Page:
Locked at 22 wins apiece in a rivalry dating back almost a decade, both Novak Djokovic and Roger Federer will seek to break the tie on Thursday and seal a place in the Australian Open final. It is a match that has massive immediate ramifications but could also go some way to determining each man’s place in history.
For Roger Federer, it is a latest chance to close in on adding to his record haul of 17 Grand Slam titles. And it comes against the man who has thus far been his biggest obstacle to number 18. In the three Grand Slam finals the Swiss has reached since his last Major title in 2012, Djokovic has been his vanquisher on each occasion. While, unlike their meetings at Wimbledon for the last two years and the 2015 U.S. Open, this latest showdown may only be a semifinal, to both men the significance will in no way be diminished.
“I don't think there is too much difference playing Roger in a Grand Slam, Djokovic said after beating Kei Nishikori in the quarterfinals. “Any round feels like finals because of the fact that we are, you know, big rivals, we played so many times against each other. There's a lot of tension. There's a lot at stake. I'm expecting a great fight in two days.”
Win or lose, Federer will retain a significant advantage in the Grand Slam title tally, with Djokovic currently back on 10. However, the Serbian is closing fast, and at the age of 28, six years younger than Federer, he shows no signs of slowing down any time soon. Last year, Djokovic won three of the four Grand Slams, and his dominance over men’s tennis is now as pronounced as Federer’s was during his magnificent peak between 2004 and 2007.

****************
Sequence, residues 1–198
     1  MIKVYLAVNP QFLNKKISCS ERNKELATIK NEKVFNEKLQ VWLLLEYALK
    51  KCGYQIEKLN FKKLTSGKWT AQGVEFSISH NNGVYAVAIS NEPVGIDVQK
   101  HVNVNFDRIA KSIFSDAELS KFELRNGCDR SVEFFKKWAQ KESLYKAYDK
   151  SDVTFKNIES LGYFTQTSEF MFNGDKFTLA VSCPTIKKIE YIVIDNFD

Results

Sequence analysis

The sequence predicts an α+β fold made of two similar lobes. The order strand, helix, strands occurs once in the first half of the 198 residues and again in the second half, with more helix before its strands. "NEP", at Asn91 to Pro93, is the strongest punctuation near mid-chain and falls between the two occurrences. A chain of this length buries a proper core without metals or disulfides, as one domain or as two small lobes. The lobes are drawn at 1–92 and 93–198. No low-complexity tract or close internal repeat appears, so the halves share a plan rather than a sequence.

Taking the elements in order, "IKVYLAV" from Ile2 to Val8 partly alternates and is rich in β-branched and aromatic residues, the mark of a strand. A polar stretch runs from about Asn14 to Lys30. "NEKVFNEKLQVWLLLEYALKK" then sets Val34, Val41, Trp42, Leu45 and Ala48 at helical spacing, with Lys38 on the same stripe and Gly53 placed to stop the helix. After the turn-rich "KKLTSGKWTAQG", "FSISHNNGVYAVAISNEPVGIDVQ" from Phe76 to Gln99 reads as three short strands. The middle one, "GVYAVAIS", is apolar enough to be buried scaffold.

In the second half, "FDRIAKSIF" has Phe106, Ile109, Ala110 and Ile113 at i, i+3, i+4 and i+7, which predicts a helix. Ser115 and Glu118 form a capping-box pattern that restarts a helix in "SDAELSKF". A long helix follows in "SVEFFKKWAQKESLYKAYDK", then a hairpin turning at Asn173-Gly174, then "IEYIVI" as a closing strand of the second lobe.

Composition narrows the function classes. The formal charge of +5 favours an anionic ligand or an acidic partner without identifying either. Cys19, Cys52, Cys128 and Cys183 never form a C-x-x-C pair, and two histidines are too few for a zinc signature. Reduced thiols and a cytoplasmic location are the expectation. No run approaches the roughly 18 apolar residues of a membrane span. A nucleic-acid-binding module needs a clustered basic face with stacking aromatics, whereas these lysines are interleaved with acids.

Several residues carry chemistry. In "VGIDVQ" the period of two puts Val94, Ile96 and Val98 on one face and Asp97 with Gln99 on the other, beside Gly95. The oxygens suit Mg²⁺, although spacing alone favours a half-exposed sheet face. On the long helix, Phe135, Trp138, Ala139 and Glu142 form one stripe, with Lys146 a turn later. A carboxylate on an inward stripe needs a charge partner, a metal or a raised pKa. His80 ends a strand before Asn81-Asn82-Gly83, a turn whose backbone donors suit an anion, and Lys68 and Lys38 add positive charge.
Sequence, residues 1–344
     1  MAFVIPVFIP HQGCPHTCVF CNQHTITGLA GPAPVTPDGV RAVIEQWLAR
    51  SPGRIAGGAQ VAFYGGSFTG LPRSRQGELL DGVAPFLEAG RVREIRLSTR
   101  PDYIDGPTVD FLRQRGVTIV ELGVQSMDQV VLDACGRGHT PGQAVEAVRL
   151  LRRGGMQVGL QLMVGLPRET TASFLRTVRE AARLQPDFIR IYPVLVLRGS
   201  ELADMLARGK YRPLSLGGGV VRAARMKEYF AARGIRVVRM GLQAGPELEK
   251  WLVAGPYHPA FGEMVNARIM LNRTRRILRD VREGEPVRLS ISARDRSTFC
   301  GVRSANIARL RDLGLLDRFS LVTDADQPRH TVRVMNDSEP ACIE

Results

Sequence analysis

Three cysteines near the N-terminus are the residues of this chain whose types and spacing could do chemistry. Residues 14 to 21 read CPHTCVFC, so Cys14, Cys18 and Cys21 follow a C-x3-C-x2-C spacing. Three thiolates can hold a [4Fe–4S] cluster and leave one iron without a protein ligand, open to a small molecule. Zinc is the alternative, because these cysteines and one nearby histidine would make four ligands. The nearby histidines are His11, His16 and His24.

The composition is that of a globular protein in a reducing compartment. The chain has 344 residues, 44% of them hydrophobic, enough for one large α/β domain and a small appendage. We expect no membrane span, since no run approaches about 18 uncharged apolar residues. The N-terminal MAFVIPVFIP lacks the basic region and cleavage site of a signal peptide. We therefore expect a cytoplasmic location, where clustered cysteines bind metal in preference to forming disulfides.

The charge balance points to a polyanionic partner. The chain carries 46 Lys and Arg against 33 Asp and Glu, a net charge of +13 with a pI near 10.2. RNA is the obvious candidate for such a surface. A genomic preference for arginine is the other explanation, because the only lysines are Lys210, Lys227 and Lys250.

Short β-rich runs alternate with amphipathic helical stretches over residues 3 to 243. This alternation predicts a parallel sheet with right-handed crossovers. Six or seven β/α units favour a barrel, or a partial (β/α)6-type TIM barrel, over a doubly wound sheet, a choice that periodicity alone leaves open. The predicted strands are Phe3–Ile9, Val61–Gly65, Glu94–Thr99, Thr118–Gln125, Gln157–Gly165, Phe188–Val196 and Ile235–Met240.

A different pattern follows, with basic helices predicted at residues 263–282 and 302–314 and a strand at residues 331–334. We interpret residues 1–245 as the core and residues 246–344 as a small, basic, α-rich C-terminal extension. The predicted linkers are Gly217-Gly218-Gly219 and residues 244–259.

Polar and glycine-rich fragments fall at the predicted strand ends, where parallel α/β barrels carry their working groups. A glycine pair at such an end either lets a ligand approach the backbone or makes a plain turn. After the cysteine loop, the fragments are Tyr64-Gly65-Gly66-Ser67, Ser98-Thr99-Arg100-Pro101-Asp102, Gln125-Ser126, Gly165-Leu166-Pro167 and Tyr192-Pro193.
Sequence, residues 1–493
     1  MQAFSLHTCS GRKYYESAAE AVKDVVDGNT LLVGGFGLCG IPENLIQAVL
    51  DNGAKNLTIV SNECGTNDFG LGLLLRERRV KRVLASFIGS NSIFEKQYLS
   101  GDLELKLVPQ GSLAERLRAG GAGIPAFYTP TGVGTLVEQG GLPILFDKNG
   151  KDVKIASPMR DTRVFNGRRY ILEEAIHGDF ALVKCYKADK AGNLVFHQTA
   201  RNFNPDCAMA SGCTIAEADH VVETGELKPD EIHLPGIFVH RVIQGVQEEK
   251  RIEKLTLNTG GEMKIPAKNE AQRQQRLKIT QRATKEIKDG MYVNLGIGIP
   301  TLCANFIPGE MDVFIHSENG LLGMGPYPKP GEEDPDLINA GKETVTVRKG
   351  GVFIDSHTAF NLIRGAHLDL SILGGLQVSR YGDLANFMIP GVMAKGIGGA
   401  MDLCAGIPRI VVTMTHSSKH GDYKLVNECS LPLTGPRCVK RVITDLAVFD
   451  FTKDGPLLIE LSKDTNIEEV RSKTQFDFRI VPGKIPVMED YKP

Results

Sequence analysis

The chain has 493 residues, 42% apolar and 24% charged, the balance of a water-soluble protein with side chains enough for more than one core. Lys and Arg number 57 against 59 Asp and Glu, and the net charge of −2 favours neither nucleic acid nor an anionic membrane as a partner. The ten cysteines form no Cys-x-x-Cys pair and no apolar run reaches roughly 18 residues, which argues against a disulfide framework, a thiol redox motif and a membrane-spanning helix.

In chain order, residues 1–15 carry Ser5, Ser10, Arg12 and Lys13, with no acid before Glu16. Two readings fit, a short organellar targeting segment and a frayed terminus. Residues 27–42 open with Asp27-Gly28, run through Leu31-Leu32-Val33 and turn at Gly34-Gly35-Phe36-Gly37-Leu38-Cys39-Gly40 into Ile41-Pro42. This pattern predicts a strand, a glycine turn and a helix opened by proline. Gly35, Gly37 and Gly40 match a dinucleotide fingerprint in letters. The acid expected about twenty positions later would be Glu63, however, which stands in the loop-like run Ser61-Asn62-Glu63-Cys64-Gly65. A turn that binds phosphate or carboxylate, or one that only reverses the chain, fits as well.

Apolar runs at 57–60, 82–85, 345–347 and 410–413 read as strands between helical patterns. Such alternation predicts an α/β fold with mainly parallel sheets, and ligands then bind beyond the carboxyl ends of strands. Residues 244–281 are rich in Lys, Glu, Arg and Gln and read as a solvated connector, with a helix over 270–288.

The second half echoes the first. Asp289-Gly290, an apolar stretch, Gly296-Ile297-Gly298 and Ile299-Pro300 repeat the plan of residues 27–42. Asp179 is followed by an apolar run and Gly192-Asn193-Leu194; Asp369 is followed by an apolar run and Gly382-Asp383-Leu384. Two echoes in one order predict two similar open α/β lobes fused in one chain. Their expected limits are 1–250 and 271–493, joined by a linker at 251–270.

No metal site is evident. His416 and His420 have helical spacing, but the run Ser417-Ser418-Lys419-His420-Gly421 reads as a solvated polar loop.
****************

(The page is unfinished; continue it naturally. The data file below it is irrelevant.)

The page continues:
In an era featuring Federer and Rafael Nadal, the debate over who is the greatest tennis player of all time has been a constant one. But the once inconceivable prospect of Djokovic catching not only Rafael Nadal’s 14 Grand Slam titles, but even Federer’s record-setting tally is now not nearly so far-fetched.
Now only a few weeks after he moved in front in his head-to-head battle with Nadal, he has the chance to do the same with Federer. Their rivalry has not been all one-sided in recent times, with Federer beating the world No. 1 three times last year. Djokovic, though, claimed victory on five occasions, and on the biggest stages -- at Wimbledon, the U.S. Open and the final of the ATP World Tour Finals. In fact you have to go back to 2012 for the last time Federer came out on top in a Grand Slam. Perhaps a positive omen for the 34-year-old, though, is that the win also came at the semifinal stage, when he went on to lift the title at Wimbledon.
While Djokovic experienced a hiccup in an error-laden five-set fourth-round clash with Gilles Simon, Federer has looked supreme in making it through to the last four at this year’s Australian Open, dropping just one set along the way. Picking up from a fine 2015, the third seed has continued to pursue a more aggressive approach on the court, something he believes could enable him to succeed on Rod Laver Arena on Thursday.
“[Djokovic] will be hitting passing shots and I’ll be there attacking,” Federer said. “I’ll be the one controlling the match in a way so I accept that. I have to hold my service games because by holding it puts pressure on Novak.
“I know he’s really, really good, but he’s not a mega-server so he still lets you play. For me that’s good because I like to have time.”
Match time: 3:30 a.m. EST
TV schedule: ESPN
Live stream: Watch ESPN